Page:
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title date path tags published
Create a flickering image effect using CSS sprites
2016-12-01T22:40:32.169Z
/css-sprite-animation/
css
animation
sprite
keyframes
true

import Example from "./Example";

I just added a flickering faux-motion effect avatar to my About page. The technique behind it is fun (and requires relatively little code).

Primitive came to my attention a while ago as a nice tool for creating vectorised images. I was enamoured with the flickering effect achieved by animating between multiple versions of the same photo (Primitive produces different versions each time it is run).

Animation

There are a few different ways to achieve this effect — the Primitive pencil example uses JavaScript to repeatedly switch each image from display: none to display: block in order. I felt like this would be a perfect case to experiment with CSS sprite animation.

Sprite animation is similar to a flipbook: you create a 'sprite' (a long image containing each frame of your animation) and then use CSS keyframes to animate along this image.

The tricks to get it working are putting the sprite in a container the size of a single frame (so only one frame is visible at a time), and using steps() as your animation-timing-function.

Steps

By default keyframe animations tween between each frame to create smooth motion. In this case however this ruins the effect:

We want the animation to jump from frame to frame, giving the illusion of animation. The steps() function can be confusing (especially if you don't know that it takes an optional second value of 'start' or 'end'). This article explains better than I could how it works, but for this particular purpose we can just set set the same number of steps as frames in our sprite.

The sprite

I generated three different versions of the same image using the JavaScript fork of Primitive and then stitched them together in Preview. This in itself was a bit of a hassle as you can't change the canvas size without also resizing the image. You need to select all, cut the image, adjust image size to 300% width, then re-paste the first image and move to the left edge. You can then cut and paste the next two images alongside the first to fill the remaining space.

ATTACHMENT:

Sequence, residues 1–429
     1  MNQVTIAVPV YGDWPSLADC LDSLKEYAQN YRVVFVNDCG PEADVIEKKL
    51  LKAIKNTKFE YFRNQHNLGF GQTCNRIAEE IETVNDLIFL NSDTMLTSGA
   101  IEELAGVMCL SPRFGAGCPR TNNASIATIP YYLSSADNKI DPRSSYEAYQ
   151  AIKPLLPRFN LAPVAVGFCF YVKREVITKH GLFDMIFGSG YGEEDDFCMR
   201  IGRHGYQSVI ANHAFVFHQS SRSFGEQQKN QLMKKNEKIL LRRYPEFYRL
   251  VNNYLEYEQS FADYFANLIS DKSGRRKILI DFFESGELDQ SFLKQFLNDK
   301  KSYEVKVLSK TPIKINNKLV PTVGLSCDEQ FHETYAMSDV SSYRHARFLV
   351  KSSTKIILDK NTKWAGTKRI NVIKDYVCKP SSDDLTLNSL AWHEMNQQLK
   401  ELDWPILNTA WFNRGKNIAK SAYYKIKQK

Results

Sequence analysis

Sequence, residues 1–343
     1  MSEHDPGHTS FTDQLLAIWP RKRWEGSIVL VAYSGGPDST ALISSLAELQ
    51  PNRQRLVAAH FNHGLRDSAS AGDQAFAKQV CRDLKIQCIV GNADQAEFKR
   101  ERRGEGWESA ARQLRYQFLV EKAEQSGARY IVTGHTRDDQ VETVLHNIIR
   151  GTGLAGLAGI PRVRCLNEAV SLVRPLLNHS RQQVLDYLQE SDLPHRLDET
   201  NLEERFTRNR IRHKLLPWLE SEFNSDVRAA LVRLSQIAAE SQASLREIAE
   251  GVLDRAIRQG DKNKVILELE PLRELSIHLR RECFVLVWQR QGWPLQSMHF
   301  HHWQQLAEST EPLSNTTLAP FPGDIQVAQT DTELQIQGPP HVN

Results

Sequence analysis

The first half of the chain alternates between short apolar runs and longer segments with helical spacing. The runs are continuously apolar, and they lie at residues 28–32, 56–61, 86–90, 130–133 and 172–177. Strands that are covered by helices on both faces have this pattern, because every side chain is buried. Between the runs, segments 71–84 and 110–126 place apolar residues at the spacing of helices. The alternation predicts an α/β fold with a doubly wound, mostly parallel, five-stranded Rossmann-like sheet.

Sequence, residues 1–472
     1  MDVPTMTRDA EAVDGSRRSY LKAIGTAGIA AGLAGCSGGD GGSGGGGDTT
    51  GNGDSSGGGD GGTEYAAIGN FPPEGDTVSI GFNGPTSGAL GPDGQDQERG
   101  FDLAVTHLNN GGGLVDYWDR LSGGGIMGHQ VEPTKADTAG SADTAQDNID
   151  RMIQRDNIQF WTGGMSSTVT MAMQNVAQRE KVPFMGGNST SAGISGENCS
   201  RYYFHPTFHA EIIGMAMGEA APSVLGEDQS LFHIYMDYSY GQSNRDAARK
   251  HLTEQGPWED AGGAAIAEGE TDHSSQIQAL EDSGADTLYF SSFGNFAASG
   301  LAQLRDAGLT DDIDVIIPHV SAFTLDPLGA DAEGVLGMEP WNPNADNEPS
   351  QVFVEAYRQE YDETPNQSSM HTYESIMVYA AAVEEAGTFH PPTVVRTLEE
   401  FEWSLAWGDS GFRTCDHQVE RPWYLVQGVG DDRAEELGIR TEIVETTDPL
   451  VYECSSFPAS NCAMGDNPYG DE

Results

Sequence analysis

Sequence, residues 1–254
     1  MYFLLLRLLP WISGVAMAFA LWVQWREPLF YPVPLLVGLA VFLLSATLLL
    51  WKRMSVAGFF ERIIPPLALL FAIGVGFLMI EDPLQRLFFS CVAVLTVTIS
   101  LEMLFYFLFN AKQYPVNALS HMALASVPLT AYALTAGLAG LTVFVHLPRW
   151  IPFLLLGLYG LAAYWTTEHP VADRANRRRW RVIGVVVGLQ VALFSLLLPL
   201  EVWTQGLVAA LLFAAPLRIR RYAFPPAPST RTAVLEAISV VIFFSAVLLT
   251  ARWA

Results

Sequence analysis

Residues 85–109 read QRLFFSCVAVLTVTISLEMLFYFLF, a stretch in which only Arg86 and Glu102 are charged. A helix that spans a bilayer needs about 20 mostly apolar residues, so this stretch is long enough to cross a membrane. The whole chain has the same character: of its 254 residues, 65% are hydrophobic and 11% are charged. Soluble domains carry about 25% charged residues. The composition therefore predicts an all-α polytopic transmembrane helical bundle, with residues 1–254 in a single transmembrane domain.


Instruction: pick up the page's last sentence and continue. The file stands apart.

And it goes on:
three slightly different versions of my face

The code

Once you've got your sprite you can start writing code. We need a container to hide the extra frames. One downside to this technique is that it requires a specific size to be set on the container — the size of a single frame of your sprite.

<div class="sprite">
  <img class="sprite__img" src="sprite.png" alt="An animated avatar of Oli" />
</div>
.sprite {
  width: 256px;
  height: 256px;
  overflow: hidden;
}

We then need to animate the image within the container. The below code will move the sprite its full length to the left every 0.3s, but in 3 discrete steps (moving 33% of its length each step). This means each frame of the sprite is displayed for 0.1s before jumping to the next one.

.sprite__img {
  animation: flicker 0.25s steps(3) infinite;
}

@keyframes flicker {
  to {
    transform: translateX(-100%);
  }
}

Border-radius bug

I wanted my avatar to be circular rather than square, so I put border-radius: 50% on the containing div. This was fine until I added the animation, which apparently triggered a long-standing bug in Chrome causing animated children to overflow their containers (something to do with Chrome promoting the animated element to a new layer for performance).

You can solve this by also promoting the parent element to a new layer with transform: translate3D(0, 0, 0). So the final CSS looks like this:

.sprite {
  width: 256px;
  height: 256px;
  overflow: hidden;
  border-radius: 50%;
  transform: translate3D(0, 0, 0);
}

.sprite__img {
  animation: flicker 0.25s steps(3) infinite;
}

@keyframes flicker {
  to {
    transform: translateX(-100%);
  }
}

And here's the end result:

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